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By Liz Crampton
Sprint Corp. and T-Mobile US Inc.’s overlapping business in the prepaid phone market could draw the attention of Justice Department officials examining their merger, industry analysts and antitrust attorneys told Bloomberg Law.
Officials could zero in on how a Sprint and T-Mobile combination would affect customers buying preset data plans. Enforcers will look broadly at how the proposed merger would shift the landscape of national carriers from four major players to three, with AT&T Inc. and Verizon Communications Inc. in the top two spots. The prepaid market is a narrower market that has been a particular focus for Sprint. The merger is expected to be announced in the coming weeks.
Antitrust officials examining a merger’s impact look at how it would affect different types of customers. If there is a risk of harm to any distinct consumer group, the government can step in to block the deal. That was the case in 2011 when the Justice Department sued to block AT&T Inc. and T-Mobile’s proposed merger. The government identified two markets where it said competition would be harmed — mobile wireless telecommunications services generally and mobile wireless telecommunications services provided to businesses and government customers.
When it comes to Sprint and T-Mobile, regulators “could very well view the prepaid phone plan customers as a separate market in this case,” said Jennifer Rie, a Bloomberg Intelligence analyst. “It would depend on whether the evidence and their economic analyses support this segment as a separate market,” she told Bloomberg Law. “I certainly think this could be an issue.”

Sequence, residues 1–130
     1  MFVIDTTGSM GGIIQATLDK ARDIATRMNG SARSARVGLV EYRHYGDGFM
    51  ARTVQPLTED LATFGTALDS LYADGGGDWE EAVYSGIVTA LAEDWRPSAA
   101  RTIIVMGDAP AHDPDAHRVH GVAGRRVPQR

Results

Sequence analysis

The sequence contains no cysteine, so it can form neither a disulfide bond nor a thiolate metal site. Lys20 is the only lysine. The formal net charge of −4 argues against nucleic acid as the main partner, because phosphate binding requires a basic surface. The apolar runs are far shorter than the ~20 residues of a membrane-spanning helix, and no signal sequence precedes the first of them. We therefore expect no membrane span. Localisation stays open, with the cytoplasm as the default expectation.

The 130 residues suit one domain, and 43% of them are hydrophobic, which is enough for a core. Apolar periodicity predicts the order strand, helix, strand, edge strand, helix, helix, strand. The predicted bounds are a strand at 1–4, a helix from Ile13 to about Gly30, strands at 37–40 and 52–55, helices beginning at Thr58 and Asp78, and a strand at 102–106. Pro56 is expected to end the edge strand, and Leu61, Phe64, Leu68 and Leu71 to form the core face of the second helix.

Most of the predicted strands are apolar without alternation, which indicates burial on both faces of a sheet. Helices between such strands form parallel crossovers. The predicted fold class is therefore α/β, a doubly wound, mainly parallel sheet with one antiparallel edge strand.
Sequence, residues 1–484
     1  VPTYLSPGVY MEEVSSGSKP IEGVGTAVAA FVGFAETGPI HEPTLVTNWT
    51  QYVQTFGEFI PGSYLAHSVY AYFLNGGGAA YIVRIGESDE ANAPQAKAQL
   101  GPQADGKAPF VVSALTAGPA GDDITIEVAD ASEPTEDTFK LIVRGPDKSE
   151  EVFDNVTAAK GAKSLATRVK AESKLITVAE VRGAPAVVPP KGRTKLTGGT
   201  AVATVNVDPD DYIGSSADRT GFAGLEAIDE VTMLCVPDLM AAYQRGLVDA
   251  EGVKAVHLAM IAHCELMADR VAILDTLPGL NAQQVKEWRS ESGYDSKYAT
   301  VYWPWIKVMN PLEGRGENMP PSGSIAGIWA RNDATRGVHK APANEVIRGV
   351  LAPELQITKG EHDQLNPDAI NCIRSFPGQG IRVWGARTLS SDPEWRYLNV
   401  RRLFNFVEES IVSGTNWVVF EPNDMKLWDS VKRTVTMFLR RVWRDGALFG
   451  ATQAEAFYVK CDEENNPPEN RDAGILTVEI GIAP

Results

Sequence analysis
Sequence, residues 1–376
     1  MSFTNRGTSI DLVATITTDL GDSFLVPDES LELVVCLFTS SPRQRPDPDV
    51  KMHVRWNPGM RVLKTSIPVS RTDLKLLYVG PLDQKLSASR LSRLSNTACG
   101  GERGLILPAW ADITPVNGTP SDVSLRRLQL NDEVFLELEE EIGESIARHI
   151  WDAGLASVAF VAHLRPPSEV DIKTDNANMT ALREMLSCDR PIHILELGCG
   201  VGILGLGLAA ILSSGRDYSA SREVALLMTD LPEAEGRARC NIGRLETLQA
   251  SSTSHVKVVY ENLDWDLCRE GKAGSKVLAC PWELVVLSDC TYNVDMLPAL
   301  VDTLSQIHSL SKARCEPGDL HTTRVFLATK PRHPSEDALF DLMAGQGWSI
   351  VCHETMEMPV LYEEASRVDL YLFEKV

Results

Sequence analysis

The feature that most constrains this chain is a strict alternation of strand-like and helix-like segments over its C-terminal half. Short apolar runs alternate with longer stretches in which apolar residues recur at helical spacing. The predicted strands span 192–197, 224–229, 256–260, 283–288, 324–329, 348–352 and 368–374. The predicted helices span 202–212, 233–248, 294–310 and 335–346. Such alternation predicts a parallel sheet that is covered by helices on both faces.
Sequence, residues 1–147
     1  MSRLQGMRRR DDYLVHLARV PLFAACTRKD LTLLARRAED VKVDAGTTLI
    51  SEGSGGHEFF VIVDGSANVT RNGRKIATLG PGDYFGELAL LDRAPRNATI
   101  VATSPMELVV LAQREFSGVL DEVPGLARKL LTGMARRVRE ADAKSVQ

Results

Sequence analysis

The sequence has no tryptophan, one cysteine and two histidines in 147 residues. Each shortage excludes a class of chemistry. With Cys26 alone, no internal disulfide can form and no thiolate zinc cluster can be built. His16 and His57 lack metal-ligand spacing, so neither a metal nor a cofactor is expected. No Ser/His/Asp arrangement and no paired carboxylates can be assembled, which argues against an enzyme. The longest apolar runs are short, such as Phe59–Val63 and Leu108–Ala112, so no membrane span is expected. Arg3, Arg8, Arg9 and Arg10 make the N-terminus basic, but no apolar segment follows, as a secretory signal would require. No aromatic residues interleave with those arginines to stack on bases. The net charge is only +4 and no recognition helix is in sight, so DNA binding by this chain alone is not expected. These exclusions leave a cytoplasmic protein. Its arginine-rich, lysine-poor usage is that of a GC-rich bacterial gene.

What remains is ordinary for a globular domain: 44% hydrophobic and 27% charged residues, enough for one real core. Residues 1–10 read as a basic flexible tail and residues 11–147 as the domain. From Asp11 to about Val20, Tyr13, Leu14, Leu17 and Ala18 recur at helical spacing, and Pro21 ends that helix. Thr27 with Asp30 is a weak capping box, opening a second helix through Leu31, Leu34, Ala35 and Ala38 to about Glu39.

The prepaid cellphone is a good deal for people who don’t have much money or established credit. Customers pay a set rate for a certain amount of data, and the phone dies when they reach the limit. The sector has become more competitive in recent years, dominated by Sprint, T-Mobile, and AT&T. It’s difficult to break out the customer numbers, but analysts interviewed by Bloomberg Law estimated that a combined Sprint and T-Mobile would own more than half the prepaid market.
T-Mobile announced in an Oct. 23 earnings report that it added 226,000 new prepaid customers, “led by the success of MetroPCS.” The carrier counts about 29 percent of its approximately 70.9 million monthly customers as prepaid buyers.
Sprint has about 8.7 million prepaid customers, which make up 21 percent of its total subscribers, according to the company’s most recent earnings report.
Stephen Calkins, an antitrust law professor at Wayne State University, said the prepaid market “was not a big factor” in the AT&T-T-Mobile complaint, but the market has shifted since them. “That’s a separate issue that would have to be looked at today,” he told Bloomberg Law.
The antitrust division will have to make an “empirical inquiry” into whether the prepaid market can be considered a separate market, James Cooper, an antitrust law professor at George Mason University, told Bloomberg Law. The division’s teams of economists and lawyers will examine company and industry data to make that determination.
Much of Sprint and T-Mobile’s business strategy centers on the typical subscriber market because that’s where it draws most of its profits. But over the last year, Sprint has eyed the prepaid market for growth after it saw losses in that space the year before. In response, Sprint beefed up its prepaid offerings with the relaunch of Virgin Mobile in June to compete with T-Mobile’s MetroPCS and AT&T’s Cricket. Sprint also owns the Boost Mobile prepaid brand.
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